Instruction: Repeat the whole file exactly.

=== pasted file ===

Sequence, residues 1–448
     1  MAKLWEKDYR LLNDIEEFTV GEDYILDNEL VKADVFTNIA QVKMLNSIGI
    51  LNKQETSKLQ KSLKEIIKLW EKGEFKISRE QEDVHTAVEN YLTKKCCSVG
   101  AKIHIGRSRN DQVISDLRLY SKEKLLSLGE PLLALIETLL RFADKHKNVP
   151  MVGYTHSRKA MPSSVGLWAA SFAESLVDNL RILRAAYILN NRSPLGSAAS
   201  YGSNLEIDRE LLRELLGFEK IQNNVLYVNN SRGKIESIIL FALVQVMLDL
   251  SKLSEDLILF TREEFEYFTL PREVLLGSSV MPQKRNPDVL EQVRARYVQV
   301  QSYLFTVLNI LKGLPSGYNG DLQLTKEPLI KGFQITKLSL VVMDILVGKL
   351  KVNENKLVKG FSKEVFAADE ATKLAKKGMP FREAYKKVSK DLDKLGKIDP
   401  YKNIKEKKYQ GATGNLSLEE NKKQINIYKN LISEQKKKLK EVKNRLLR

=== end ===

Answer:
Sequence, residues 1–448
     1  MAKLWEKDYR LLNDIEEFTV GEDYILDNEL VKADVFTNIA QVKMLNSIGI
    51  LNKQETSKLQ KSLKEIIKLW EKGEFKISRE QEDVHTAVEN YLTKKCCSVG
   101  AKIHIGRSRN DQVISDLRLY SKEKLLSLGE PLLALIETLL RFADKHKNVP
   151  MVGYTHSRKA MPSSVGLWAA SFAESLVDNL RILRAAYILN NRSPLGSAAS
   201  YGSNLEIDRE LLRELLGFEK IQNNVLYVNN SRGKIESIIL FALVQVMLDL
   251  SKLSEDLILF TREEFEYFTL PREVLLGSSV MPQKRNPDVL EQVRARYVQV
   301  QSYLFTVLNI LKGLPSGYNG DLQLTKEPLI KGFQITKLSL VVMDILVGKL
   351  KVNENKLVKG FSKEVFAADE ATKLAKKGMP FREAYKKVSK DLDKLGKIDP
   401  YKNIKEKKYQ GATGNLSLEE NKKQINIYKN LISEQKKKLK EVKNRLLR